A SCOT is on course to produce the nation’s first home-grown wine for sale within three years.
Chateau Largo is the dream of award-winning food writer Christopher Trotter, who plans to put the first bottles on the shelves by 2014.
Trotter has planted 100 vines in the garden of his home in Upper Largo, Fife, an area famous for its fertile farming land.
Given enough care and sunshine over the next three years, the vines could produce as many as 1,200 bottles of dry white.
The 53-year-old has enough land for 6,000 vines, which could produce around 70,000 bottles annually, worth in the region of 750,000.
Trotter is banking on predictions that climate change could transform the area into a Loire Valley on the northern shores of the Forth.
Wine experts have backed Trotter’s bold plan, predicting Chateau Largo will sell well on the novelty value of Scottish wine alone.
And they point out that England’s wine industry, after a ropey start, is now producing some eminently quaffable bottles.
Trotter, who is also a food consultant, said the idea took root a decade ago following light-hearted conversation with a friend.
“I was having a chat with a farmer friend who thought that in the next 20 years the East Neuk of Fife would be as good as the Loire valley in France for vineyards. “
Three years ago he put his scheme into action by planting trees to create a wind barrier.
Soil experts were called in to give advice before he prepared the land by adding nutrients and organic compost.
All the weeds were removed this year and a two-and-a-half foot deep furrow ploughed to let the vines take proper root.
Finally, Trotter bought three different varieties of vines from a vineyard in Yorkshire and planted them in May.
The vine types – rondo, solaris, and siegerrebe – were chosen as they are disease-resistant, known for early ripening, and capable of withstanding colder climates.Trotter said the plants were perfectly capable of surviving the harsh Scottish winter.
He said: “The vines are dormant over winter so the weather can do what it likes.
“In Germany you get sub-zero temperatures and it doesn’t matter what happens as the vines go completely to sleep,’ he said.
“They start shooting in May so we’ll just have to make sure that all’s well there, that there is no disease, and allow the growth to continue. “
Surprisingly, Trotter says the vines cannot get too much rain and has even installed a sprinkler system just in case the East Neuk has a dry summer.
What may be more of an issue is sunshine. Trotter is hoping for around 100 sunny days a year in Fife over the next three years.
The statistics are not particularly encouraging: the Loire Valley enjoys an average of 1,418 hours of sunshine annually compared with 1,221 in Fife.
But Trotter points to predictions of climate change.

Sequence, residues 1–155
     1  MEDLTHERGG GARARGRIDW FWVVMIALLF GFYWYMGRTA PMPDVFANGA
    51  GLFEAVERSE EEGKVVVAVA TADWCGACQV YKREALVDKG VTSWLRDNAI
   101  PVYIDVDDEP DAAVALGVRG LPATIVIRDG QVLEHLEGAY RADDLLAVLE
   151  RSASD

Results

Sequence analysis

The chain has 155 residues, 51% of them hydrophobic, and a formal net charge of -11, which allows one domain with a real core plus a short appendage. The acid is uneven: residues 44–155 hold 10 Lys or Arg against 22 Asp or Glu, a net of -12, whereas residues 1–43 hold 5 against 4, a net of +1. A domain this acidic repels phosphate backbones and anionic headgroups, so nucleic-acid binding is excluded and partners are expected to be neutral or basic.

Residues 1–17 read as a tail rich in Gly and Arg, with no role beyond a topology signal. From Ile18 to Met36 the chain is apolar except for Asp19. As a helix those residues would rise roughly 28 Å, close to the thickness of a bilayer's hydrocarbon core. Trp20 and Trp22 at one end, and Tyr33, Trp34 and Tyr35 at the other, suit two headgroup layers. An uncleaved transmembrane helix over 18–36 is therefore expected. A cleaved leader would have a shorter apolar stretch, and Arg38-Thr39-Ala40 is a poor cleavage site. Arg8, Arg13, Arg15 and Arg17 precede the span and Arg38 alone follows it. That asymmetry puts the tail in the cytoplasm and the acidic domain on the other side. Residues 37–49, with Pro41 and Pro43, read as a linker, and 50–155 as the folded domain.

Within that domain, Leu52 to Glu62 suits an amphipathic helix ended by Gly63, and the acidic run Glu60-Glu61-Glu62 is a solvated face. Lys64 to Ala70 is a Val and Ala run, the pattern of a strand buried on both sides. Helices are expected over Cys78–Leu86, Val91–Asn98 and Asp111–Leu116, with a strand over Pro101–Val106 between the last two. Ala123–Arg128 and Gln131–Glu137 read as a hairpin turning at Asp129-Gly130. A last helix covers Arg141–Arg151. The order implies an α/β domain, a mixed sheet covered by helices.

Just two years ago, French climatologist Jean-Pierre Chaban suggested there could be vineyards in Scotland if global temperatures rose by more than 2% before the end of the century.
So what does Trotter hope the first bottles of Chateau Largo will taste like?
“The first English wines were revolting and now some have become quite successful.
“We have tasted wine produced by the Ryedale vineyard [Yorkshire], where the vines come from and that’s the closest we’ll get to knowing what ours will taste like.
“It’s quite a dry wine but not as dry as you get from the Loire Valley and with the edition of the siegerrebe grape it makes it quite aromatic. So I just hope we can make something as good as theirs. “
He added: “The action plan is if we get a decent bottle of wine after three years we will then probably look for investors who would make it possible to plant the whole area.
“We could probably market it ourselves to be quite honest with you because, the only Scottish wine, it’s going to sell like hotcakes. “
Last year, the Ardeonaig Hotel, Perthshire, announced it was to create Scotland’s first wine.
However, after hotel owner Pete Gottgens cut his ties with the establishment, the state of the project is unclear.
Wine experts said last night that the time was right for Scotland to start producing its own vintages.
Lorenzo Magnani, general manager and sommelier at Divino winebar and restaurant, Edinburgh, said:
“They are making wine everywhere nowadays so why not in Scotland?
“It is a good idea. It depends on how it tastes of course but I would certainly be happy to sell it here.
“I think it would do well because it is a Scottish wine and customers would be proud to have it. I wish Mr Trotter luck. “
Oliver Richardson is competitions secretary of the Mercian Vineyards Association, which represents vineyards and wine enthusiasts in the UK.
“Nobody ever thought once they would produce it in Yorkshire, but there are four vineyards there now.
“And all the Yorkshire wines are perfectly drinkable. I don’t see why he shouldn’t be able to produce wine if it’s a sheltered enough site.
“And if you’re producing something which gives kudos to the area people will buy it. “
But Matt Thomasson, manager of the Great Grog wine merchants, Edinburgh, sounded a sceptical note.
“I think with the current climate in Scotland it is a bit of a waste of time to try and make wine here.
“Too much rain will cause dilution. The grapes get a lot of their flavour from the soil they are grown in, they get a lot of their character and if there is too much water in the soil it becomes diluted and you could end up with a pretty tasteless wine. “
“I wish him all the best. With climate change I could be ruing my words in the next 10 years, but right now I don’t think it will work. “